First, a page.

The film opens with the mild-mannered computer programmer Caleb “winning” a trip to Blue Book founder’s lair and being helicoptered to a remote mountain setting where he is dropped and left to find his way to a woodland-surrounded compound. He is let in by remote voice-identifying intercom and finds the company owner hitting a kickboxing bag on a wooden deck. Then he is shown to his windowless, subterranean cell, all lacquered concrete, mood lighting, and mini-fridge stocked with bottled water. He is then ushered to a crypt-like space that could be a sauna designed by Peter Zumthor.
And that’s where Nathan initiates good-hearted Caleb’s relationship with Ava, a curiously alluring – yet naggingly repulsive — creation made of exposed skeletal system, LED lighting, bio-rebar and yet beautiful face and hands, and a very warm, inquisitive voice. You ride this troubling duality through most of the film.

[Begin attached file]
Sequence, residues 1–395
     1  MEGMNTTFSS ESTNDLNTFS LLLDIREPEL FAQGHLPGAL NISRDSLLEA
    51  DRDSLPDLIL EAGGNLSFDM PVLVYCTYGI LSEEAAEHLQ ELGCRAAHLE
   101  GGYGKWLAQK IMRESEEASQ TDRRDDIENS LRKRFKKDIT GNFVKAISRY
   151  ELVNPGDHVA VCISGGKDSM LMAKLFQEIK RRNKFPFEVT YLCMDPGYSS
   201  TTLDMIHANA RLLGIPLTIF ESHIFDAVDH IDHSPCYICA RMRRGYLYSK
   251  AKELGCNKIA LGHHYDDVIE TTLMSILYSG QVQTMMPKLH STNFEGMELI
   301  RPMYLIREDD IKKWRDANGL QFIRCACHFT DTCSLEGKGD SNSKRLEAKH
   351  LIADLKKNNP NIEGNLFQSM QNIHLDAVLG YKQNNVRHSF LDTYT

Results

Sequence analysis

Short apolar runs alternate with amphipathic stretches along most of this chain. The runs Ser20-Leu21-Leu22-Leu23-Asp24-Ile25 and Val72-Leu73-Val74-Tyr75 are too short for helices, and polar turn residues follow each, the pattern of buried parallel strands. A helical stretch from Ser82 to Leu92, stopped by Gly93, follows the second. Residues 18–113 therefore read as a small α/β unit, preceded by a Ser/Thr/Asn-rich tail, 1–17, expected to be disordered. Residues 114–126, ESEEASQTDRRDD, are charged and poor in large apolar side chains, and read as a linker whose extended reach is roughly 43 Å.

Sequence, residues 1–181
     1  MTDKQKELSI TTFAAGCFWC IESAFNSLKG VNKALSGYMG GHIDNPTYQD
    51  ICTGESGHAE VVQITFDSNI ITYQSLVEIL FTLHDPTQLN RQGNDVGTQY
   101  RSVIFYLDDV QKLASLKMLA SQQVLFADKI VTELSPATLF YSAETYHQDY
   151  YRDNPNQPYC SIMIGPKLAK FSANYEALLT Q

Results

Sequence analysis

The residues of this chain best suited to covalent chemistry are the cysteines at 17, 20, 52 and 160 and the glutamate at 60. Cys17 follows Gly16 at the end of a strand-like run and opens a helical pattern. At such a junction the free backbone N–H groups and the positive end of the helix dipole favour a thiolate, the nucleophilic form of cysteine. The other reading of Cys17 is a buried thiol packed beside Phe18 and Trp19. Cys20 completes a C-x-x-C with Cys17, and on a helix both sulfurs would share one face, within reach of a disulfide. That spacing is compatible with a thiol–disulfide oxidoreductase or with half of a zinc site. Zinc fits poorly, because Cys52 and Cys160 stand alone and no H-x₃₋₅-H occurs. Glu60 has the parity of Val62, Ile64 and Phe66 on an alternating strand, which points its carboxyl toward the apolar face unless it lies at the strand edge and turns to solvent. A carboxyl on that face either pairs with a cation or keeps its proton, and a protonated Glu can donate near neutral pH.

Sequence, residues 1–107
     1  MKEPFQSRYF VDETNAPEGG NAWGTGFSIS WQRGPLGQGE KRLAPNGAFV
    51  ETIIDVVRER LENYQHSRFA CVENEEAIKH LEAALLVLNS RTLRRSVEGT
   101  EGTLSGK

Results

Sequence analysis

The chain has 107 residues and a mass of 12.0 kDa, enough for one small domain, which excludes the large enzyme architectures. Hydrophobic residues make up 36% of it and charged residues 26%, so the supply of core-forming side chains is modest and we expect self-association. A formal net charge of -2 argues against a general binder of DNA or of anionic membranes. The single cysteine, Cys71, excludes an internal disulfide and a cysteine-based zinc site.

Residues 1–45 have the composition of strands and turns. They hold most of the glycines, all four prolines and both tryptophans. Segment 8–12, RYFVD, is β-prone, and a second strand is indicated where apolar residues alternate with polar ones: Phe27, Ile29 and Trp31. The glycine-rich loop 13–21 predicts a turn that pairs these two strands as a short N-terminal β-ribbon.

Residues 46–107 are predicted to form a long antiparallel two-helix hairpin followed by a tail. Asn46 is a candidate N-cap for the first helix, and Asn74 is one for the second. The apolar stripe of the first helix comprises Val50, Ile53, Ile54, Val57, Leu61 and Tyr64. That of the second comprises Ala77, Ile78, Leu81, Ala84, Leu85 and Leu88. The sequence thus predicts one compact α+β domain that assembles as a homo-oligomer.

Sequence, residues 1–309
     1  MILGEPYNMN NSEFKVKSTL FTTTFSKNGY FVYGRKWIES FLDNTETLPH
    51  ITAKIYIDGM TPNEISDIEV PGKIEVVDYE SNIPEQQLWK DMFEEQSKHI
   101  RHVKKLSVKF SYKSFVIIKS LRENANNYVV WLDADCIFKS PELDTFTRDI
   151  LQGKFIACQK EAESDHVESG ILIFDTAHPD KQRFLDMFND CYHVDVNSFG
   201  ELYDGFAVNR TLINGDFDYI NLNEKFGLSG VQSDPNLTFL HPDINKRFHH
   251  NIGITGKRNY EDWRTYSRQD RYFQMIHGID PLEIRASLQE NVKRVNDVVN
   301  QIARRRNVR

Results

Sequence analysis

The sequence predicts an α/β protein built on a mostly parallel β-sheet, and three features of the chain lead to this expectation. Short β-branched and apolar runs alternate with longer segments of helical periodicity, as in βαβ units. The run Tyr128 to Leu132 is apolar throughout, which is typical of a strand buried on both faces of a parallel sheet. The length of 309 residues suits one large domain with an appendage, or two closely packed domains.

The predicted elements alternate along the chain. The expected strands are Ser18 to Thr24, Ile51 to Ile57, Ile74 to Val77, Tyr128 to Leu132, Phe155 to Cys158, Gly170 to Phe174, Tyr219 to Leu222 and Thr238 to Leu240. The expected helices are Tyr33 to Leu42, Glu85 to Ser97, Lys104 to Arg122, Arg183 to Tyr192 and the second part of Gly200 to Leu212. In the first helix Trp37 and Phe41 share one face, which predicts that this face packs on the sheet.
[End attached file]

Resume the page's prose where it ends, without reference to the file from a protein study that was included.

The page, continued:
As Ava starts to engage with our young “contest winner,” it’s as if they are on a controlled experimental series of dates, dates that transpire between thick, bulletproof glass walls. The proceedings, one feels, are closely monitored, if not controlled, by the demonic, omnipresent Nathan.
It’s as if the robot sweetheart, Ava, is on display in a high tech zoo. Caleb sits on wooden benches while Ava, paces and comes and goes like some teenage niece of the owner of the house. She sometimes kneels right up to the edge of the glass. You feel a simultaneous tugging at your heart, and a trickle of bile rising in your throat.
Alex Garland does an exquisite job of riding you on that edge, holding you in a state of suspended discomfort, or upset. You feel creeped out while simultaneously in a state of being centered.